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The impact of area socioeconomic inequity on serious injury in Victoria
  1. A Clapperton*,
  2. E Cassell
  1. Correspondence Monash University Accident Research Centre, Building 70, Monash University, Victoria, 3800, Australia

Abstract

Social factors such as socioeconomic status (SES) are increasingly being viewed as fundamental causes of premature death and illness and there is a growing body of evidence linking residential location with health outcomes.

The aim of this study was to investigate the relationship between the SES of the area in which a person lives and their risk of hospitalisation for injury.

Local government areas (LGAs) in Victoria are assigned to SES deciles by the Australian Bureau of Statistics based on a composite measure of SES devised by the Bureau. For this research the deciles were combined to form quintiles. All individuals living in an LGA were assigned the same SES ranking ranging from 1 to 5 (1=most disadvantaged through 5=least disadvantaged) and their risk of injury compared overall and in broad age groups.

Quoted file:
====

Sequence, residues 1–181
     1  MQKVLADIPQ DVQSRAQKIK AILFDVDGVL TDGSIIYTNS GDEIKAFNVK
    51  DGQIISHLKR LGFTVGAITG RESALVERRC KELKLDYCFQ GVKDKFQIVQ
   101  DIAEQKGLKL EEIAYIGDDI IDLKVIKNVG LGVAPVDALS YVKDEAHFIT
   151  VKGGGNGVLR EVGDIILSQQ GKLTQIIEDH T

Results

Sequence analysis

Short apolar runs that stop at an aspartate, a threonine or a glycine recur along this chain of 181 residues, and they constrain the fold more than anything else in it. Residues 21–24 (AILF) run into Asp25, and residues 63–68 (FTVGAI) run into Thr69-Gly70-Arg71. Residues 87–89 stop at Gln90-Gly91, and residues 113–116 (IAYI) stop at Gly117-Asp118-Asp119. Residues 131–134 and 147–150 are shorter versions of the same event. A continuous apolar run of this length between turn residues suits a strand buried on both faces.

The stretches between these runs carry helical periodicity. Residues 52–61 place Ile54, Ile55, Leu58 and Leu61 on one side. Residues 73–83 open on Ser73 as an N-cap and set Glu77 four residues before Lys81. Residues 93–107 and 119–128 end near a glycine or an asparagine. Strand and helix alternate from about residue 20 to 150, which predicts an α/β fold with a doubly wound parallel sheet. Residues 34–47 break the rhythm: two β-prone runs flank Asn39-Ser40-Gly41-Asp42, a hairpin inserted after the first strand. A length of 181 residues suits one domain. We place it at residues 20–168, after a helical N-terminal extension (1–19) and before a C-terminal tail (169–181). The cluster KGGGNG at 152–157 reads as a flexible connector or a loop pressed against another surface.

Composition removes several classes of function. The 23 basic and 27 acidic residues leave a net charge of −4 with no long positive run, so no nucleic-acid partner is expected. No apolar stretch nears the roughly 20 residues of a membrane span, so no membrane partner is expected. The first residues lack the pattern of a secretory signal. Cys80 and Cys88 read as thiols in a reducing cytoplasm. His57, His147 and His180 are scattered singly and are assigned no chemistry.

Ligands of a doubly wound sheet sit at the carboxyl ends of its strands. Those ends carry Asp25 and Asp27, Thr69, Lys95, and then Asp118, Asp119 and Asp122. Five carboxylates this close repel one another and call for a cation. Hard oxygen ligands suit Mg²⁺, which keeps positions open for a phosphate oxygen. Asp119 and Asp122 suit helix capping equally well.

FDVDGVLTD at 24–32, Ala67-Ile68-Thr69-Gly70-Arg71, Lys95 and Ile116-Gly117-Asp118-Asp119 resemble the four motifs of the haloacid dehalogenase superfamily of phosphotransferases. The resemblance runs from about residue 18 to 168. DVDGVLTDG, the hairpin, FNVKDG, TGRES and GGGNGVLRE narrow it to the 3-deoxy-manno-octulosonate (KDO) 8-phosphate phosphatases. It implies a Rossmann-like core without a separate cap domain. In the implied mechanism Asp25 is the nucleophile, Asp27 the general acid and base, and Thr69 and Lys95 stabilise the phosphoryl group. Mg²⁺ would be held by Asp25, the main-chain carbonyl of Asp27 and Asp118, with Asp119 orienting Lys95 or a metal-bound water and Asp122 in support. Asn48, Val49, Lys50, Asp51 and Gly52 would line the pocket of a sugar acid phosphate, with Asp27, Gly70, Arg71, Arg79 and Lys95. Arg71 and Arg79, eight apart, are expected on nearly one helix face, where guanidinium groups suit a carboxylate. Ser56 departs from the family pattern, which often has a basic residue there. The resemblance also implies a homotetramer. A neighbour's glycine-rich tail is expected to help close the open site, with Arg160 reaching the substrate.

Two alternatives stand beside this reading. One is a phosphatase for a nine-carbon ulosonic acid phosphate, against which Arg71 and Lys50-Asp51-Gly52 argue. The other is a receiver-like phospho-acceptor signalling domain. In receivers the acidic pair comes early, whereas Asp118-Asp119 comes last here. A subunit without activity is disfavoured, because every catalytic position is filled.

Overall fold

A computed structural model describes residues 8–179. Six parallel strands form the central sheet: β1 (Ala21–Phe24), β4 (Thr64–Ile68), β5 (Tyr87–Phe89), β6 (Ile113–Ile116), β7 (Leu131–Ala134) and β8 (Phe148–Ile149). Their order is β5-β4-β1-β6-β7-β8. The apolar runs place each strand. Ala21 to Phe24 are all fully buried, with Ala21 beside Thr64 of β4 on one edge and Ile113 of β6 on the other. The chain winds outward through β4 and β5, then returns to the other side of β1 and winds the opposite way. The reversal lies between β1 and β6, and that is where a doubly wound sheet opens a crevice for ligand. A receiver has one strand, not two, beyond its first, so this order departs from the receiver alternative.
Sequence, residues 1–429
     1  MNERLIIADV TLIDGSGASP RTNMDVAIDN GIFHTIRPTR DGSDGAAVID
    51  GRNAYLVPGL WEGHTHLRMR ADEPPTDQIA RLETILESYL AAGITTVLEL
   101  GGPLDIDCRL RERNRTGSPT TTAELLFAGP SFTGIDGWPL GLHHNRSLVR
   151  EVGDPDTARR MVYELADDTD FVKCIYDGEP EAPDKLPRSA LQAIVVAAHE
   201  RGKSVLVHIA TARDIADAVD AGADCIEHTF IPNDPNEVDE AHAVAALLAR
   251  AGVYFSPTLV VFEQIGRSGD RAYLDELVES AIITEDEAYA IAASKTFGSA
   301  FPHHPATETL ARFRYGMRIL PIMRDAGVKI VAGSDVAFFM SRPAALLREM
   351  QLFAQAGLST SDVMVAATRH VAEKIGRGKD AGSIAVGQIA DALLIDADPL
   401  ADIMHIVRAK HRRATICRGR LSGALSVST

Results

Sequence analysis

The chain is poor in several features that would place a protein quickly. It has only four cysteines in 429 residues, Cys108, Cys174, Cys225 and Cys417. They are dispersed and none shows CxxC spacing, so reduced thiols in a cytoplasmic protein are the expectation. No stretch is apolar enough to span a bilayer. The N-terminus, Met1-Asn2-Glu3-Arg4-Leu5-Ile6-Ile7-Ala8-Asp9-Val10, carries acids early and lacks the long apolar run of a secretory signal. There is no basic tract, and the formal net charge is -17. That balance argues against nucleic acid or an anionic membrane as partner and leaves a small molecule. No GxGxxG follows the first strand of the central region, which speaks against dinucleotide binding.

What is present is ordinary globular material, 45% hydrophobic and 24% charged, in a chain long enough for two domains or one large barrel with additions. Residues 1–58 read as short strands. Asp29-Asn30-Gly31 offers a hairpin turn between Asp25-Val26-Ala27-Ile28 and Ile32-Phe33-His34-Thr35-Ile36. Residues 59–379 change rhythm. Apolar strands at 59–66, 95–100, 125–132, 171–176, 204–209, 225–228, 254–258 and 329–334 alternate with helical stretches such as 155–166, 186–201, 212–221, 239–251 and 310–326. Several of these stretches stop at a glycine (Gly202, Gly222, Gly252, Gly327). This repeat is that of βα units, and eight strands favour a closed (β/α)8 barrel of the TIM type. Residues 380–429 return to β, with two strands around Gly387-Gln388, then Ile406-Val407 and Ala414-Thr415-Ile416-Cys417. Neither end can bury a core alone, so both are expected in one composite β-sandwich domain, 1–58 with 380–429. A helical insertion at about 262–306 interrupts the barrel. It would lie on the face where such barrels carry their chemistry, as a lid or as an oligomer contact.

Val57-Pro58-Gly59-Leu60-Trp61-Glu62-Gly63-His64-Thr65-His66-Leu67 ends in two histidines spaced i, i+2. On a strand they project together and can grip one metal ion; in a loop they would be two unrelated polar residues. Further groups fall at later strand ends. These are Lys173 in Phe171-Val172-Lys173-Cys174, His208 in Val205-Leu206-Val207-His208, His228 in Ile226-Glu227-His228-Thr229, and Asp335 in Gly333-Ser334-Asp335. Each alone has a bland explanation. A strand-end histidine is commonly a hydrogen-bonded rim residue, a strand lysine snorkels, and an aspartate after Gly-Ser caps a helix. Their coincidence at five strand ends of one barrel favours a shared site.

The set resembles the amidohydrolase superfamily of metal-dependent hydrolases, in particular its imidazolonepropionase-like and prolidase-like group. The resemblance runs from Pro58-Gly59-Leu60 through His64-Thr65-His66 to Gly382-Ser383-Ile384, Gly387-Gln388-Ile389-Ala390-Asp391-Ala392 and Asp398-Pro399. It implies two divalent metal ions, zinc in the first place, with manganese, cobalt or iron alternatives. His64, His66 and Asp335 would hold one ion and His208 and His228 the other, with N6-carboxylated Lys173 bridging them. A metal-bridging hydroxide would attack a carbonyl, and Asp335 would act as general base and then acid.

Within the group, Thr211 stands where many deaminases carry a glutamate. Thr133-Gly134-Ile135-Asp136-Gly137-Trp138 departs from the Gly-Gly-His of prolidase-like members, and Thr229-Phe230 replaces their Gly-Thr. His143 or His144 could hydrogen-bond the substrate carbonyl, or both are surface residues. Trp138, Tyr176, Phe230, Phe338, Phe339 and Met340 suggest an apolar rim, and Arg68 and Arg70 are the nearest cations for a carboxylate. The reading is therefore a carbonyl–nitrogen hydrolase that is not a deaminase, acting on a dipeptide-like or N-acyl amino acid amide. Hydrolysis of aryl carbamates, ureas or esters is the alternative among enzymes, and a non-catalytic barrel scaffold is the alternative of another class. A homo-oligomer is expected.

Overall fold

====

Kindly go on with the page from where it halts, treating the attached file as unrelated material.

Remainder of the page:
The effect of area SES on injury risk varied substantially by age, gender and injury cause. Injury hospital admission rates were generally lowest in the least disadvantaged quintile of LGAs but not often highest in the most disadvantaged quintile of LGAs. The regression analysis showed that, overall, persons living in the more disadvantaged areas were significantly more likely to be hospitalised than persons in the least disadvantaged areas for transport injury (incident rate ratio range 1.18–1.36), machinery-related injury (1.50–1.83), fire/burns/scalds (1.25–1.61) and assaultive injury (1.20–1.77). These injury causes account for 20% of injury hospital admissions.

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